One might be tempted to imagine that the life of a Franciscan (particularly a spiritual Franciscan) was so far from that of an urban merchant as to make empathy difficult, but such obviously was not the case. Olivi brought to the task of understanding commerce some of the same conceptual tools he had used earlier in writings concerning usus pauper as an indeterminate vow. In the latter case Olivi had argued that both lack of property and usus pauper (restricted use) were demanded by the Franciscan vow. His opponents insisted that only lack of property was included, because violation of a vow involved mortal sin. Thus any such vow had to deal with precisely definable behavior in order to protect the vower's soul. Olivi settled the matter to his own satisfaction by arguing that some vows were indeterminate in nature. There was no bright line marking observance off from violation. The best a Franciscan could do was try to stay away from that dangerous middle ground, but he could console himself with the thought that, even if he strayed into it, a minor violation meant venial and not mortal sin. It became mortal only at the point where the friar's behavior could be described more accurately as usus dives than as usus pauper.
Turning to what Olivi says about the just price, we find much the same approach. He accepts that there is such a thing as a just price. "It should be stated that goods cannot licitly be sold for more than they are worth or purchased for less than their worth" (102). Then comes the important qualification: "their worth having been arrived at in view of our usage through the probable judgment of human estimation which measures the value of goods within the limits of a fitting latitude." In short, the best we mortals can offer is a probable evaluation of the just price which places it within a limited range of possibilities. For that reason "stepping over the limits should not always be considered a mortal sin, in fact [it should not be considered such] unless the violation is so great that the inequity and injustice involved predominates over its equity and justice."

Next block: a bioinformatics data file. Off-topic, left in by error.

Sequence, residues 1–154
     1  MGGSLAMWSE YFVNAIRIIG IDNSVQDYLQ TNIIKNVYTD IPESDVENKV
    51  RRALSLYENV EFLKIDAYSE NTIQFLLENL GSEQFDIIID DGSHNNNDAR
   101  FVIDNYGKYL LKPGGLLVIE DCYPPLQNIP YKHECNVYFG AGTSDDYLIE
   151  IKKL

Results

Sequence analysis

Some years ago I observed that one of Olivi's most obvious characteristics was his ability to live with uncertainty and ambiguity more easily than most people in his time, in fact more easily than most people at any moment in history. This is one of the traits that seem to define his work as a whole, but there are certainly others. When we compare Olivi's treatise on contracts with such wildly diverse works by him as his writings on Franciscan poverty and his commentaries on scripture, we discover certain patterns of thought repeating themselves in varied contexts.
In dealing with the Treatise on Contracts, scholars have tended to reduce it to what Olivi thought about the two issues of just price and usury. Some have treated what he had to say on these matters as revolutionary while others have minimized his contribution. Piron comes closer to espousing the first of these alternatives, but he qualifies this judgment by skillfully placing Olivi within a broader social, economic and intellectual context which allows him to recognize both the extent to which Olivi was rooted in his time and the extent to which he influenced future opinion.